2. I use a Mac Pro (trashcan) with 64GB of RAM and it still takes some extra time to process.

In conclusion, with some irony, the last time I wanted to go up in megapixels and quality, I was using a 12MP D700 and was on a workshop with Charlie Cramer. He suggested a used Phase back for my V Hasselblad. I hemmed and hawed for a bit and all of a sudden the Nikon D800/E was released, I purchased one and was quite happy for some time.

Now, again, I'm looking at a 50MP medium format camera and what appears on the scene but the Nikon D850 with its 45MP. I full well realize that the larger sensor is important but one can purchase (when they're really available and if they are as good as they look on paper) almost TWO D850's for the price of a GFX.

What's a fellow to do?

For the forseeable future, (at least until I can rent an 850 and probably decide against it that since it is not mirrorless and is heavy), Im happily sticking with my Fuji X T-2 and its wonderful lenses.

Comments would be greatly appreciated.
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jamgolf

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Re: reflections on a rented GFX50S and 32-64mm f/4
« Reply #1 on: September 09, 2017, 12:38:56 PM »

Thanks for sharing your thoughts. You had the right approach in forming an informed opinion based on your own usage instead of reviews or forum opinions, which are valuable but can't substitute personal due diligence.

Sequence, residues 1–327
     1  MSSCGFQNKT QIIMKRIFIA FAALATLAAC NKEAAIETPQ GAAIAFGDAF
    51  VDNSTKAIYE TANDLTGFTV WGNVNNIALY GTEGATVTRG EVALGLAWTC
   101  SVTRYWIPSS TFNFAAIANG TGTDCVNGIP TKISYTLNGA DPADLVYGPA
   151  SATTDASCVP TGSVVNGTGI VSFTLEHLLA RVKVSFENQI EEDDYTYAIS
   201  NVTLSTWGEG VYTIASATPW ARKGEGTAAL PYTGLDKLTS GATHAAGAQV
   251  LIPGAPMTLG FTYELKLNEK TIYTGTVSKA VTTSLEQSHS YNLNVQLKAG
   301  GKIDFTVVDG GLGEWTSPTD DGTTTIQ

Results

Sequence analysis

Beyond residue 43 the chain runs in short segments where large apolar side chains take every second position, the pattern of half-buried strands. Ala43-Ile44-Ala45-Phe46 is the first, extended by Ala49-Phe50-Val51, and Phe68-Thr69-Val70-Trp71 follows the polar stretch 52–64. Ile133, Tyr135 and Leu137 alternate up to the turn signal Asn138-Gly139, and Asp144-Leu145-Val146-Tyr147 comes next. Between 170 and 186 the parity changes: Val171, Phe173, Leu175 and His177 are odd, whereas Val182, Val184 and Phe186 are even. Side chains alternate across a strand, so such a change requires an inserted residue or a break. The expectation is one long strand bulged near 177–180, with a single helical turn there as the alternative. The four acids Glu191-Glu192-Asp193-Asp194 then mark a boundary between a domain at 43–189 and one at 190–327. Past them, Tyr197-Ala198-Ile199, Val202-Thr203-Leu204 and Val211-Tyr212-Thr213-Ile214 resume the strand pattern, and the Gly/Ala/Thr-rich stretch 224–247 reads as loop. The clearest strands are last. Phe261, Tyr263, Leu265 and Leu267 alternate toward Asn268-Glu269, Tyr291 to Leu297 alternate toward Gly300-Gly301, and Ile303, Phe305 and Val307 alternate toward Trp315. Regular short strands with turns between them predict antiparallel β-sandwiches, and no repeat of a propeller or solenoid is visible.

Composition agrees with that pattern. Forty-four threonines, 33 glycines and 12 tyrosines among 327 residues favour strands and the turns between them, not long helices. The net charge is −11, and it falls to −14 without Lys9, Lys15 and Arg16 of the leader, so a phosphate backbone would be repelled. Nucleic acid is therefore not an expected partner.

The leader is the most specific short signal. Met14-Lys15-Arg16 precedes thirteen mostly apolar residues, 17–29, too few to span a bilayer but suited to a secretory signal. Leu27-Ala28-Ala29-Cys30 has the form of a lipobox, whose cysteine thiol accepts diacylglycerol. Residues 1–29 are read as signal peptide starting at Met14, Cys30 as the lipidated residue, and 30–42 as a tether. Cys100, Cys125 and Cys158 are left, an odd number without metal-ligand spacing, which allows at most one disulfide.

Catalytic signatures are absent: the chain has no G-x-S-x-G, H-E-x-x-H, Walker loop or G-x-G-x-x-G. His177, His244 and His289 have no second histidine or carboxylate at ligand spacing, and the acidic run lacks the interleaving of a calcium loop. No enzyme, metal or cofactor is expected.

As you stated "I do not usually print larger than 20 inches on the long side", that and the convenience of the smaller XT clearly validates your conclusion.
There are many worthy options available to us today and as you said "My conclusions are relevant only to me" - has to be the mindset, instead of broad blanket conclusions.
Cheers!
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ErikKaffehr

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Re: reflections on a rented GFX50S and 32-64mm f/4
« Reply #2 on: September 09, 2017, 02:48:23 PM »

Hi,

I have been shooting MFD for a couple of years, but that was Phase One P45+ on Hasselblad 555/ELD, that is a film era system. On the DSLR side I was shooting Sony Alpha 99.

Resolution way the P45+ has shown advantage, but I don't feel it was visible at 16"x23" which is my normal print size. Going larger the P45+ had a resolution advantage, but I did not make any large prints from that P45+.

When the A7rII arrived the P45+ went into retirement.

Regarding the GFX50S, I would think that camera makes a lot of sense. But, if your Fuji X T-2 is good enough for your print sizes, there may be little benefit with the GFX50s.

Making use of 50 MP takes careful work.

Best regards
Erik

I rented a Fuji GFX50S with the 32-64 f/4 for the Labor Day weekend and went to a number of my favorite haunts to photograph with it and my trusty Fuji X T-2 with the 16-55 f/2.8. I knew the GFX would have superior image quality, duh, 50MP, huge sensor. However, I wanted to know if it was worth it to me to spend the money and deal with the hassles of larger camera and larger files. My conclusions are relevant only to me.

I photographed at our local rail heritage museum with incredible detail of hammer marks and engraving on the train wheels, at Hug Point on the Oregon Coast with it's justifiably famous rocks, at our vacation home in the Columbia Gorge, great trees (despite the wildfire smoke), and at the Portland Japanese Garden, all places I've photographed for 30+ years.